Bragging Rights

Hi, Boomers,

I was recently talking to a young mother about being a grandmother. I have five grandchildren at the moment, and I was telling her how sometimes unreal it all felt to have so many grandchildren, to love unconditionally so many children from my children. At that moment, I got all choked up and emotional.
I felt there had been no preparation for being a grandmother. Once my progeny left home, a declared all out freedom of movement, freedom of speech, freedom to do dumb things without children bearing down on me and co-opting my energy. It felt unbelievably liberating. It didn’t feel unbearable – the empty nest and all of that. It didn’t feel emotional disconnecting. No more meals to make, rules to make, beds to make, suitcases to pack and unpack, daily laundry to do, papers to write, prom dates to take pictures of, ski trips to pay for, cars to by, and the list goes on.
I am a parent who didn’t feel depressed at sending my boys to college. I even encouraged the to choose a college back east. They went far away to meet new people and get new experiences and travel when then could do so. I saw them on the holidays or parent’s day and finally graduation. Off to work, now, boys and get a good job, find a nice girl to marry.
And it stopped there. Stopped at find a nice girl and get married. Raising children was a memory, a dear memory sometimes and a nightmare memory other times. We’ve all been through it and we all know the drill.
Then one day, the oldest son, wants to get engaged. His intended is adorable, getting her PhD in psychology, stable, rather wonderful family, and all looks rosey for everyone. The wedding is large and beautiful, the parents are beyond happy, the guests are having a blast, and the honeymoon is a success.
And then one day two years later, my daughter-in-law is pregnant. And one day without warning, a baby boy appears and I am a grandmother. I don’t know what to do, how to feel. Anxiety pervades my being and I am lost in another title. I thought I was done with titles. I was a wife and a mother and a significant other and those were enough titles. Sufficient! Basta! I wandered around being a grandmother for the first year. Just as I was getting the hang of it – diapering, feeding shifts, strolling, napping, crawling, talking the first steps, first words, building lego towers, dancing to music, picking up from pre-school – another grandchild is born. There were two grandsons now. I was going through it again. Different dynamic. Different little boy’s personality. Same dance all over again. Lots of visits to Las Vegas to the family. Lots of flying. Lots more love and happiness and disconnect from grandmother title once I return home.
Son #2 gets finds his love, gets engaged, gets married in the meantime. Two years later, he has a boy. Now there are three. Are my arms big enough, strong enough? I still feel like I might not have the hang of being a grandmother. I’m single. My ex isn’t the grandfatherly type and shows up every once in awhile. One day my oldest grandson asks me why Papa and I aren’t living together. His idea of grandparents are that they live together in the same house. Papa and I do not live together, haven’t so for decades.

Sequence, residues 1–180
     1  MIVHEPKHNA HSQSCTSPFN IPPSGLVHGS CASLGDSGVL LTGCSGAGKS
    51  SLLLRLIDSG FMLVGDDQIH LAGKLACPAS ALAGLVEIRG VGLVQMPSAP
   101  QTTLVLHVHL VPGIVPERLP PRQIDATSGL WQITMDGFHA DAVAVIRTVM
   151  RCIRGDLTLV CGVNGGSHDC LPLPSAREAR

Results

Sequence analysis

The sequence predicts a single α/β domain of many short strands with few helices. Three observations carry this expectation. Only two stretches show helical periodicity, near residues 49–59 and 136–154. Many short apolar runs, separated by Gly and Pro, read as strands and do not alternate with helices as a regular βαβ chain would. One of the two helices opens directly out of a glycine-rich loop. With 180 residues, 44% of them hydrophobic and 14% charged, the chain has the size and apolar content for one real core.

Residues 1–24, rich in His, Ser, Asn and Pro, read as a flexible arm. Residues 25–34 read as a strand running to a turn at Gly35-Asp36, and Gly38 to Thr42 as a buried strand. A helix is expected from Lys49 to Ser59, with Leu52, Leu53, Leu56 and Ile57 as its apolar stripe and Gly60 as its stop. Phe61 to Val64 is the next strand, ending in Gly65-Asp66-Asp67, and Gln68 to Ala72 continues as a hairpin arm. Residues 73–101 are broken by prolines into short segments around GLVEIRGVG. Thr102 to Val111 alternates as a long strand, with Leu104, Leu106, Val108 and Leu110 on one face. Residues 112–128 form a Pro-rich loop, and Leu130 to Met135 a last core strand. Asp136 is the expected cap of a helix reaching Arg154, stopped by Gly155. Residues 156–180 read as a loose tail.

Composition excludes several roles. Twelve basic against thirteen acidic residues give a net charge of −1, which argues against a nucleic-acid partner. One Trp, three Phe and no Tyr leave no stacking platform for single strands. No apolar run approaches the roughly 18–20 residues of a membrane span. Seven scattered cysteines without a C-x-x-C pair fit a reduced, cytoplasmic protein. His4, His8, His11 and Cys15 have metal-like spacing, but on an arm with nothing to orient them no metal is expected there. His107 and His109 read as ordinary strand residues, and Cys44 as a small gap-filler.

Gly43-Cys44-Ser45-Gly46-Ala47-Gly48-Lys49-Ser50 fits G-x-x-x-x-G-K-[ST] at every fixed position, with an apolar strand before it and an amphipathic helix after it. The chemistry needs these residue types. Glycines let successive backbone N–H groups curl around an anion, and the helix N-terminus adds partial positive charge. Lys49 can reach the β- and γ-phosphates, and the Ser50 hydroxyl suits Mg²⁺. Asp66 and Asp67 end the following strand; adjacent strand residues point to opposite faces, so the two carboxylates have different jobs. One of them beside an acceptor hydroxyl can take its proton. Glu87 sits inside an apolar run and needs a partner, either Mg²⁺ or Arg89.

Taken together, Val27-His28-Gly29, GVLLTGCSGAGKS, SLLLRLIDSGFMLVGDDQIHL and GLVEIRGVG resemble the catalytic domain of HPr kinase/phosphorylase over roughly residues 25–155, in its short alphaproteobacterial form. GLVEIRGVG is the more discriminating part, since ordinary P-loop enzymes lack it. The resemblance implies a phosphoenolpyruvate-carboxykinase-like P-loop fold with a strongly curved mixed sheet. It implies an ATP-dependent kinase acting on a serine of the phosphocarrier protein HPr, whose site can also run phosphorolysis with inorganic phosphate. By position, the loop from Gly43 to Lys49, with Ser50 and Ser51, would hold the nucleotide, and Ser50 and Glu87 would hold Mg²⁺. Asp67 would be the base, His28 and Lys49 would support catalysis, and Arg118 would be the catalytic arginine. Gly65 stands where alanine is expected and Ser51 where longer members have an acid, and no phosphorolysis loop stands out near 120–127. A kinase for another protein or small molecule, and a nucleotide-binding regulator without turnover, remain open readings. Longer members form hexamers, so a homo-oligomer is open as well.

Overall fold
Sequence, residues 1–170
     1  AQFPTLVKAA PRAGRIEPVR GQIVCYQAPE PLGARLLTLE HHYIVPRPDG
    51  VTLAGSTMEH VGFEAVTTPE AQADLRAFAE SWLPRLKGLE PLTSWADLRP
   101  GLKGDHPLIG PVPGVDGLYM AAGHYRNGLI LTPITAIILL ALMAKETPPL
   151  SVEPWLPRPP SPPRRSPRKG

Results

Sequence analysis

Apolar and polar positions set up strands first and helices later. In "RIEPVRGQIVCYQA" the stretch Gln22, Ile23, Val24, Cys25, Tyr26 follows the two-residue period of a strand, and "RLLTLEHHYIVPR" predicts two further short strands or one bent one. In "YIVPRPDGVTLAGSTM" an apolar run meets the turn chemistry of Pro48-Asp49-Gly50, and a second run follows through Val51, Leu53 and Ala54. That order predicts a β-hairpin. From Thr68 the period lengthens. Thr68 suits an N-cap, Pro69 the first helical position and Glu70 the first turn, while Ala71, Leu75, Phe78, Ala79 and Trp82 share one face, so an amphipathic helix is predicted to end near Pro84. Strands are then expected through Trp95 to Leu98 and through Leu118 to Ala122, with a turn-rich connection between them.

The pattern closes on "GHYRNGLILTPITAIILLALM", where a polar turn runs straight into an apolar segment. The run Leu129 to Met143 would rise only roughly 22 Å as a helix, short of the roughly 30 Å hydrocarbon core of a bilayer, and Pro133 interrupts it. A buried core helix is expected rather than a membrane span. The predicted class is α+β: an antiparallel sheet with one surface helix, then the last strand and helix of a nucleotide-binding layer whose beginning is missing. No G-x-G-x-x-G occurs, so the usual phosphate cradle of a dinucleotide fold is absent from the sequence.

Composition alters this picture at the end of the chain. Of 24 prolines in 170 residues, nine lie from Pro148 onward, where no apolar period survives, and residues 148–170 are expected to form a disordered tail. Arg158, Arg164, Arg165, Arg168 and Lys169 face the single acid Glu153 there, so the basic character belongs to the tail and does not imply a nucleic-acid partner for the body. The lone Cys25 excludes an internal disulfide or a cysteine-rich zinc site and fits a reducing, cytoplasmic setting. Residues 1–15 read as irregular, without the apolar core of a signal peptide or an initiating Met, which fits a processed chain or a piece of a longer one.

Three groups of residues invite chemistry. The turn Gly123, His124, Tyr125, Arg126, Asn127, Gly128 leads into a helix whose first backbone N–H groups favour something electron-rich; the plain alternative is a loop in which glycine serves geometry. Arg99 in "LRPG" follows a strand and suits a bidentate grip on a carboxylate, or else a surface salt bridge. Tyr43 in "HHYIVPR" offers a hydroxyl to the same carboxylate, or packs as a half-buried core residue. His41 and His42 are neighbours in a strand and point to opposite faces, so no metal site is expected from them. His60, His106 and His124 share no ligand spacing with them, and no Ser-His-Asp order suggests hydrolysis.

Then another boy. And then several months ago, a girl. A girl! A real girl! Joy, joy! And I am in love with all of them and I finally find myself believing I am a grandmother.
I told the young girl that it sometimes felt surreal being a grandmother, but now mostly it feels real. Being a grandmother is another state of being. That’s what I didn’t get at the beginning of my grandmother journey. I’m operating on other cylinders as a grandmother. I’m not a mother. But I am responsible as a mother would be for the care and nurturing of my grandchildren when I am present with them. But then I am not there everyday so I have to be extra, extra conscious when I am with them. My job is to stay present with them in their real time and not worry about anything else.
My son said to me at breakfast this morning as we were about to drive to Los Angeles from Las Vegas for a photo shoot for his son because my grandson was signed by an agent to be a kid’s model that if anything would happen to his wife and to him, I wouldn’t be able to raise his kids.
“You wouldn’t be able to do with other grandparents do,” he said casually.
“You’d better believe I could take care of the kids!” I shot back. “I still have it in me to raise a few of my grandkids!”
“No, you wouldn’t,” he said.
“Yes, I would and don’t you think otherwise,” I proudly responded. “I still have the skills and fortitude to do it.”
“Well, you are organized,” he remembered.
And I’m still a mother lioness, I wanted to say, but stopped my protestations because I had made my point. My son wanted the reassurance that I would always be there to be a grandmother, and I believe I gave him every reassurance.
The photo shoot of his son went splendidly. It was amazing to watch a two and a half year old understand the camera. The photographer said he’s get a lot of work with his look. He’s the picture of all American apple pie with dreadlocks. Edgy, huh?
I’ve got bragging rights today.
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